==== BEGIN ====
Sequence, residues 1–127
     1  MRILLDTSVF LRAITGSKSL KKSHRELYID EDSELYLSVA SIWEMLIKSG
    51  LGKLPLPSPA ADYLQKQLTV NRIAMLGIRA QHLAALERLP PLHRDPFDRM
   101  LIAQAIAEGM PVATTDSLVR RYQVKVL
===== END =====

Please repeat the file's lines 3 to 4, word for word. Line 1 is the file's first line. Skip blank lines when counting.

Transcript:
    51  LGKLPLPSPA ADYLQKQLTV NRIAMLGIRA QHLAALERLP PLHRDPFDRM
   101  LIAQAIAEGM PVATTDSLVR RYQVKVL